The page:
There’s a small village in India where the residents are seeing artificial light for the first time. Interestingly, the man credited with bringing this everyday marvel we take for granted to his village doesn’t even have a high school education.

Hanuman Ram, resident of the Northern Indian village of Gudda, attended Barefoot College, which places emphasis on helping India’s rural population. The college is funded in part by the Indian government and trains India’s villagers who have little or no education.

And the entire campus uses solar power.

Now, as a solar power engineer, Ram has brought solar lanterns to the village, and the benefits are many. Nightfall used to shut down this town, but now children can study after dusk. The residents can perform work by the light of the solar lanterns, and the days seem longer.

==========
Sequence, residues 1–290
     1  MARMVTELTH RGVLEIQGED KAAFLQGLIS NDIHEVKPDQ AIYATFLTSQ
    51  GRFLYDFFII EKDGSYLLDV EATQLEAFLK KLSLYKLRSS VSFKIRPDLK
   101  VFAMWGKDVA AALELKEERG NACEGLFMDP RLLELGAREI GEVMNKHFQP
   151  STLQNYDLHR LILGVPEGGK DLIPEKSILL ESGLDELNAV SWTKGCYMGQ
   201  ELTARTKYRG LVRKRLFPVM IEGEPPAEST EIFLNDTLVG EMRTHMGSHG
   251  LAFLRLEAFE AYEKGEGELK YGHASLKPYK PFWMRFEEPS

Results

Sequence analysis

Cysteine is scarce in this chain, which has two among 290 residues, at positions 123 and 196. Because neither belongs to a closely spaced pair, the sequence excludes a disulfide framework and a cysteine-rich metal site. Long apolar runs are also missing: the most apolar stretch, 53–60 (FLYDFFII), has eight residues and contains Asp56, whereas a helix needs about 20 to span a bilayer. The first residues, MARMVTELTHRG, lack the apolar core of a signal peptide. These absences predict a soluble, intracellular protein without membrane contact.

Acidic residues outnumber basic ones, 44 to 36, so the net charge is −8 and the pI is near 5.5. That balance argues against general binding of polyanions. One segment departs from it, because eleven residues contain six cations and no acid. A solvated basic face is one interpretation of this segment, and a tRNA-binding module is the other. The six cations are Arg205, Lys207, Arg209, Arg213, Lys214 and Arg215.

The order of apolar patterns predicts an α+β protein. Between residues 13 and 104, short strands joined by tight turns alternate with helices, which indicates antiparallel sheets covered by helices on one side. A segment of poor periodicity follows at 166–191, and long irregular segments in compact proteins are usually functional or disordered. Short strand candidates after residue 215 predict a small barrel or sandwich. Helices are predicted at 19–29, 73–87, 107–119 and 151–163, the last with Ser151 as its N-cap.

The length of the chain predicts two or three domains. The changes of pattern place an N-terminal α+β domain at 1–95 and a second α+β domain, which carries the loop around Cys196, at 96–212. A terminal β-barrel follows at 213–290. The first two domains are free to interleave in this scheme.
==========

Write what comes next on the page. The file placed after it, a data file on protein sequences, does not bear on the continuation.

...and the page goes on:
“When I saw this light coming on for the first time, I was very happy,” said Yamouna Groomis, a Gudda resident.

The local storeowner said the solar lights have allowed him to increase his business by one third.

Almost every rooftop in Gudda now has a solar panel, which powers the solar lanterns, and at night, families now can gather around and listen to music or share in other activities. With his earned income as the village’s solar power engineer, Ram bought a harmonium, and now entertains his family when the sun goes down.

“I just wanted him to do something good for the village,” said Ram’s 80-year-old mother. Now that the villagers can see in the dark, it’s clear that he has.   EC